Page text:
This includes accommodating gender-diverse individuals by placing them in facilities that align with their gender identities, as opposed to their gender markers or biological sex. These policies, while required, were frequently not applied with Dinardo.
As Dinardo is Two-Spirit and transfeminine, they applied for placement at women’s institutions numerous times throughout this sentence. However, multiple reports concerning Dinardo’s application stated that they were a man and required male programming, causing Dinardo to be denied placement in a women’s facility.
Dinardo specifies that these reports also refer to their gender status as “gender identity disorder,” an outdated, transphobic diagnosis that equates trans identity with mental illness.
“I’m Two-Spirit. But [the staff member] said the same thing each time: ‘You are a man.’”
“They were calling [my gender] a disorder, something that could be cured or medicated or fixed. It’s [...] degrading,” explains Dinardo. “Other psychologists and psychiatrists had actually told me that that’s wrong and that the person who said that should be educated.”
“A lot of stuff has happened through the last three years. I went from penitentiary to treatment centre, back and forth, then was shipped all the way to [the] Kent Institution [in B.C]. This is where a lot of my other suffering started because they cut me off of my [ADHD] medication,” says Dinardo.
Dinardo was then shipped from B.C. to an institution in New Brunswick where they lost a dangerous amount of blood after engaging in self harm. A program officer convinced them to seek medical attention, where they received a life-saving blood transfusion.
Dinardo was then involuntarily transferred to Port-Cartier Correctional Institution in northern Quebec. They were told that they would be able to communite with English-speaking staff and access appropriate programming, but Dinardo received neither. In addiont, they were transferred in 2020 in the height of the pandemic, when many inmates including Dinardo were being kept in isolation to prevent the spread of COVID-19. Dinardo reports being kept in isolation for 23 hours a day.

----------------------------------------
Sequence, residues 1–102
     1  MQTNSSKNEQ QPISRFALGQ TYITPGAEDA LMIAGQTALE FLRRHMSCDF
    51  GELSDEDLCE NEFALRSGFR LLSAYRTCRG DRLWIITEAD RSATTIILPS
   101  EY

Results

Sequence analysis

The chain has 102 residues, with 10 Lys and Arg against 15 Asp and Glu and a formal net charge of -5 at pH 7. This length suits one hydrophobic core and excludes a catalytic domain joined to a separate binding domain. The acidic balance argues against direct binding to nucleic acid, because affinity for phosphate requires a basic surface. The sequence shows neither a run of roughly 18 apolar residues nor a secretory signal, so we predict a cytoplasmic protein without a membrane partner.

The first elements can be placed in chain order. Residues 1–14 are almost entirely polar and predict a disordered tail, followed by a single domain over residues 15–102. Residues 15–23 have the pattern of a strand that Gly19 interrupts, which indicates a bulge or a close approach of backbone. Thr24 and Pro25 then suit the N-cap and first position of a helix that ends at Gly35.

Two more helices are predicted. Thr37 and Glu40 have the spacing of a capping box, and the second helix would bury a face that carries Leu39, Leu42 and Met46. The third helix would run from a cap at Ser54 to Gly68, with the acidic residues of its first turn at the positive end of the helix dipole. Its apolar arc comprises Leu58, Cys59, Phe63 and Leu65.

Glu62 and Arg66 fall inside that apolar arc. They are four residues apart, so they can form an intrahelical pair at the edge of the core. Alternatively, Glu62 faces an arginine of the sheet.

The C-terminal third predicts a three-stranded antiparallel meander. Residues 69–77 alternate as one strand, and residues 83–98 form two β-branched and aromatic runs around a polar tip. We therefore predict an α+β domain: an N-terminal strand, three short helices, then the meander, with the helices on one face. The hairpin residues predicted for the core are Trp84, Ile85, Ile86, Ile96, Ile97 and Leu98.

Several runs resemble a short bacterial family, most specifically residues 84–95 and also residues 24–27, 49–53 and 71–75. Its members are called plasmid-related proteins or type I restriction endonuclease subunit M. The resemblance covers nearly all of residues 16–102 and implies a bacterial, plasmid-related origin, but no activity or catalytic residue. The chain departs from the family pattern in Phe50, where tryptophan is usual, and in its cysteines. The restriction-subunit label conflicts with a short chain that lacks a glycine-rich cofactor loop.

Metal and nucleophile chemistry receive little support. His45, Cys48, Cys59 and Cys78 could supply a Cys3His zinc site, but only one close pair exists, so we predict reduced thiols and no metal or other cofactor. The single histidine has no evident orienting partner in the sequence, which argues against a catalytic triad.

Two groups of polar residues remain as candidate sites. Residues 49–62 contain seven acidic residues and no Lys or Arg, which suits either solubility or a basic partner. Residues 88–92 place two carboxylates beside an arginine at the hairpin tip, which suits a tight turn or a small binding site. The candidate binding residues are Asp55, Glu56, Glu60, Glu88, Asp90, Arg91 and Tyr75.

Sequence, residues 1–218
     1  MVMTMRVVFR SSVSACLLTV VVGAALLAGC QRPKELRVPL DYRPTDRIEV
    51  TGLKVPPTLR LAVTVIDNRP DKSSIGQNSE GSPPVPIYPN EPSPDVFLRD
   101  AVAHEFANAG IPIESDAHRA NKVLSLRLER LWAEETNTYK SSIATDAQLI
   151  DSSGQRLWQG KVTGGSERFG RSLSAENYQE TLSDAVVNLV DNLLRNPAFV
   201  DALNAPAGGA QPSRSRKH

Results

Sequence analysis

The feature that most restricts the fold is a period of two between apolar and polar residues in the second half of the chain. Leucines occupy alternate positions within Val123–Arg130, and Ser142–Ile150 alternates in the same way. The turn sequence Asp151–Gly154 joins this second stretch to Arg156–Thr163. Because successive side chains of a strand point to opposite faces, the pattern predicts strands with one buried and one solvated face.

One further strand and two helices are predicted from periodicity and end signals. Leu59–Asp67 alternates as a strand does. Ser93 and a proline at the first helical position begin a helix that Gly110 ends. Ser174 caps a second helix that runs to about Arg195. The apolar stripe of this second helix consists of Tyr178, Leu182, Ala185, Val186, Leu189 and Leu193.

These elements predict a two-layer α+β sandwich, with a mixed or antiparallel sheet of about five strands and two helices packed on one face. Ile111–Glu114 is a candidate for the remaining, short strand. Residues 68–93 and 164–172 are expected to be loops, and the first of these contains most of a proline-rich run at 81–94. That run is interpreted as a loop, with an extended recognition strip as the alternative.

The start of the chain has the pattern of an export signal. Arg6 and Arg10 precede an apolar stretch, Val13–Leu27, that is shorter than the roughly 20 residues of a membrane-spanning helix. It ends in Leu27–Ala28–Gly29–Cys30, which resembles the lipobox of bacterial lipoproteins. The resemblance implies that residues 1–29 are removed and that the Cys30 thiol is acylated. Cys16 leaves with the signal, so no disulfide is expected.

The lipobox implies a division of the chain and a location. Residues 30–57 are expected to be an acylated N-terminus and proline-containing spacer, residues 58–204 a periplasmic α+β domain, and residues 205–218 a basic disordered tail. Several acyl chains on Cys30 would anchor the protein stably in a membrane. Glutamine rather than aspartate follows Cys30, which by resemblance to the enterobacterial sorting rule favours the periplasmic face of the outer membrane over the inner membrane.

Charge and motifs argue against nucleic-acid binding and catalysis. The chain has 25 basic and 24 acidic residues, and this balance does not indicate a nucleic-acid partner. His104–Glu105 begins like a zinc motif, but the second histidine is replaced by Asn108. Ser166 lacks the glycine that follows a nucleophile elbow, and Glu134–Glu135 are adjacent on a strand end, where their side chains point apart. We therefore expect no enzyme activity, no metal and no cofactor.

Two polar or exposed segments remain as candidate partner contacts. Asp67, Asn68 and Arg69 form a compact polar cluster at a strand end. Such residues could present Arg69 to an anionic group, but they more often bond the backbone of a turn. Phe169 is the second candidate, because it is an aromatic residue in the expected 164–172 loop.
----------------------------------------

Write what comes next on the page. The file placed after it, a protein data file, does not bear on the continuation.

“[I've had] an ongoing issue with the RCMP throughout my life.”
Despite the blood transfusion, Dinardo’s blood levels were still critically low and they feared that they might die if they tried harming themself again. “Sometimes I don’t know how close I am. I could just black out and die,” worries Dinardo. “I felt like I was wanting to hurt myself. I get [that way] in isolation. Officers tell me to try and talk about stuff before I start reacting violently toward myself, so that’s what I was trying to do,” says Dinardo.
Dinardo asked a correctional officer to speak to the unit manager, who responded that he would let the unit manager know when he was done his rounds. But instead, he came back with five other guards.
“They kicked me into my cell and my leg got caught in the door. I came back out of my cell and stood there. That’s when they all brought me to the ground and [one guard] kicked me into my cell and started doing something […] called ‘joint manipulation.’”
Dinardo explains that “joint manipulation” is when guards pop prisoners’ joints out of their sockets and then pop them back in to cover up the evidence. “I thought I was never going to use my arm again,” says Dinardo.
“The cut from earlier on my arm was pretty much pouring blood. These people would have actually killed me.”
While Dinardo sought medical attention immediately afterwards, it was not until eight days later on June 7, 2021 that Dinardo was taken to a hospital. Doctors took X-rays of their arm, but not of their shoulder, which was also injured.